Tobin tax is a tax on currency trades across borders.
- First proposed by James Tobin, Ph.D., a Nobel laureate economist in 1978.
- Interest has grown rapidly in such a mechanism, as the pace of foreign exchange transactions and financial deregulation has accelerated over the past two decades.
Why Tobin tax?
- It has potential to prevent financial crises.
- This would reduce the volatility of exchange rate fluctuations and provide exporters, importers and long-term investors a more stable exchange rate in return for paying the tax.
- The tax would give more autonomy to governments to set national fiscal and monetary policies by making possible greater differences between short-term interest rates in different currencies. Such a tax would also reinvigorate the capacity of central banks to alter exchange rate trends by intervening in currency markets. By cutting down on the overall volume of foreign exchange transactions, central banks would not need as much financial clout to intervene.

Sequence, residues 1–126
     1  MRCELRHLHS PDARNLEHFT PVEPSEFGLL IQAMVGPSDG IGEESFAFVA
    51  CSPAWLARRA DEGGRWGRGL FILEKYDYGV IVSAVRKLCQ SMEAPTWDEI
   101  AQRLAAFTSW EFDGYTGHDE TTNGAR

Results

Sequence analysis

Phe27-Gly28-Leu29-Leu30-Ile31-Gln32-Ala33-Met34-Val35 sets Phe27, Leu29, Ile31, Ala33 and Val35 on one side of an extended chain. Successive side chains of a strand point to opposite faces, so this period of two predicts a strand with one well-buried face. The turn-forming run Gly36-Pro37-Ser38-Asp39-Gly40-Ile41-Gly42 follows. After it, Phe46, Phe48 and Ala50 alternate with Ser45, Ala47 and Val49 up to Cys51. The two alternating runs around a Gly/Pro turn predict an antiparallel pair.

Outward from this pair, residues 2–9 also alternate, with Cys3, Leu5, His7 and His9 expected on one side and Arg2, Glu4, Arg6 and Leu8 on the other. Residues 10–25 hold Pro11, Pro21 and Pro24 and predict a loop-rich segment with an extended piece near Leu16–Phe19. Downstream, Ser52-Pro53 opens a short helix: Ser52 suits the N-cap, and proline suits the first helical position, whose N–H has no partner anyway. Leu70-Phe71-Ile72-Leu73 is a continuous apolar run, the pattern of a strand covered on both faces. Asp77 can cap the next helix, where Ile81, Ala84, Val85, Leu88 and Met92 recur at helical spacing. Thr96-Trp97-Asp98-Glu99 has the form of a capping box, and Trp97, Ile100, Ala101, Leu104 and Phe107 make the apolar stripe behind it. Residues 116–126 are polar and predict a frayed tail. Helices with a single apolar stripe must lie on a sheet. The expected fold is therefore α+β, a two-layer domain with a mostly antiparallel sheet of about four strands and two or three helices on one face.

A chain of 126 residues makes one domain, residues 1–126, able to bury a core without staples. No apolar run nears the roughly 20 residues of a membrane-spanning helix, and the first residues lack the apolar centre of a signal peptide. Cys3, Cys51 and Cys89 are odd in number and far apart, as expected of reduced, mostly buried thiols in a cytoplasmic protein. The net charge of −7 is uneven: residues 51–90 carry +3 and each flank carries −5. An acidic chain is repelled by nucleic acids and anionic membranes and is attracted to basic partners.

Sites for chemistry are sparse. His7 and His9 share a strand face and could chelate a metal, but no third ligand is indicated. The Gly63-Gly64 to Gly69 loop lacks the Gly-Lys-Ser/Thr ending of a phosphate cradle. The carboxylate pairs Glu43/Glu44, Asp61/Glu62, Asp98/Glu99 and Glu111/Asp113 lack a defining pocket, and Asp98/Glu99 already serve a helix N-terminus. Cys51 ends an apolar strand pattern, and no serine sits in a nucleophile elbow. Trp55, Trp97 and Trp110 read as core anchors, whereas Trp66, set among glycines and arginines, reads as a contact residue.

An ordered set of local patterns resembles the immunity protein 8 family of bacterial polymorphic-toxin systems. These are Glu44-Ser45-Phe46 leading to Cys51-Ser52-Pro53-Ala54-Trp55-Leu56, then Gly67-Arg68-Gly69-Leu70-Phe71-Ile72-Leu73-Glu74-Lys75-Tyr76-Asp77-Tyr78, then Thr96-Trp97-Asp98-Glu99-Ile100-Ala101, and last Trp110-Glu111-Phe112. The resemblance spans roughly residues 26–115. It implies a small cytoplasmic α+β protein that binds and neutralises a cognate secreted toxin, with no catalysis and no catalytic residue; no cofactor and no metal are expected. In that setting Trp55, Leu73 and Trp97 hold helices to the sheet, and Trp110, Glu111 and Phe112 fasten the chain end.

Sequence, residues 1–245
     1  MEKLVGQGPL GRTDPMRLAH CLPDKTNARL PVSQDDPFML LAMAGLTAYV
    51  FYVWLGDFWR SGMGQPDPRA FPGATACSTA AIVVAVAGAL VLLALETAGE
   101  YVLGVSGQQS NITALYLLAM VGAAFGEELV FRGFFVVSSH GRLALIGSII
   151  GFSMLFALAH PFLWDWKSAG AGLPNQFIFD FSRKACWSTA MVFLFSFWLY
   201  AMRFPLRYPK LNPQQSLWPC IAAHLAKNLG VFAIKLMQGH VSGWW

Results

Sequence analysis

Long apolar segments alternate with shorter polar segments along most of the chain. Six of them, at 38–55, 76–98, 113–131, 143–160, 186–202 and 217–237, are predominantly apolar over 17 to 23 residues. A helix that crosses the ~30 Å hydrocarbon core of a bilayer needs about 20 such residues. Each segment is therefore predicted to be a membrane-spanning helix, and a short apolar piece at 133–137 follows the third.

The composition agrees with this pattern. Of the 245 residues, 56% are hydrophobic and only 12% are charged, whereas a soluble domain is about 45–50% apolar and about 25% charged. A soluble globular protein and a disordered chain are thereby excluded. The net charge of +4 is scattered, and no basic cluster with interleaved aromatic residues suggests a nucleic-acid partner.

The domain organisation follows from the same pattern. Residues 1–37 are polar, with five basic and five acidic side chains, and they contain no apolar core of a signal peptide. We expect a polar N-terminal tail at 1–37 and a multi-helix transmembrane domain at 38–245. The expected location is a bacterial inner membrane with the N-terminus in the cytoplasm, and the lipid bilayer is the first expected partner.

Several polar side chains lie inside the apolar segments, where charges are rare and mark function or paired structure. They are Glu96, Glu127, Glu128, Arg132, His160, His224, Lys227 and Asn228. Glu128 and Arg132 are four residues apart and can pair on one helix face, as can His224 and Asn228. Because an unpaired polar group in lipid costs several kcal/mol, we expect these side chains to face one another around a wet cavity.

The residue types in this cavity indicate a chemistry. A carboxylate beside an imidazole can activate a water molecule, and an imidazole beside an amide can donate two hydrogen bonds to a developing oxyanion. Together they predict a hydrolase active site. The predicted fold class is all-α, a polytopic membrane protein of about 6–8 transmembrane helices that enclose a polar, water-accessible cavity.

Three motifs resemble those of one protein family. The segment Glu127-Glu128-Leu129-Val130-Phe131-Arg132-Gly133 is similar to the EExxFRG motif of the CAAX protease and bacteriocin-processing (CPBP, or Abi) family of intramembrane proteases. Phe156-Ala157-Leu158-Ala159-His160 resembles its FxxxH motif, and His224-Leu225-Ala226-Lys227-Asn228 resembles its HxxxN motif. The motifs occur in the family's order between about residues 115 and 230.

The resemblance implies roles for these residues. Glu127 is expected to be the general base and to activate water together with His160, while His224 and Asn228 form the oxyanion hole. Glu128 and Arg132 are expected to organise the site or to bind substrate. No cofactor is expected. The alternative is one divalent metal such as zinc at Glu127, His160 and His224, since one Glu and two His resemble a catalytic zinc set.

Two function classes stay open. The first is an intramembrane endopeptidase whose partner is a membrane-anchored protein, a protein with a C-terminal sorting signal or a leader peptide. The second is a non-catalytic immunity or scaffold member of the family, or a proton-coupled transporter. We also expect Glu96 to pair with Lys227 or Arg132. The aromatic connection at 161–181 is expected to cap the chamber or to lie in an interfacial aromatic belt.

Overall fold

In the globalized economy, there is a lack of adequate funding for global problems such as disease, poverty and hunger. Global climate change, deforestation, population growth and unemployment, declining fisheries and pollution threaten local communities worldwide. Projects which could help to address these needs and create jobs will cost more than $400 billion annually. Private donors do not meet the need, and some nations cut their aid budgets. New multilateral approaches to public finance, such as Tobin Taxes, may provide part of the answer.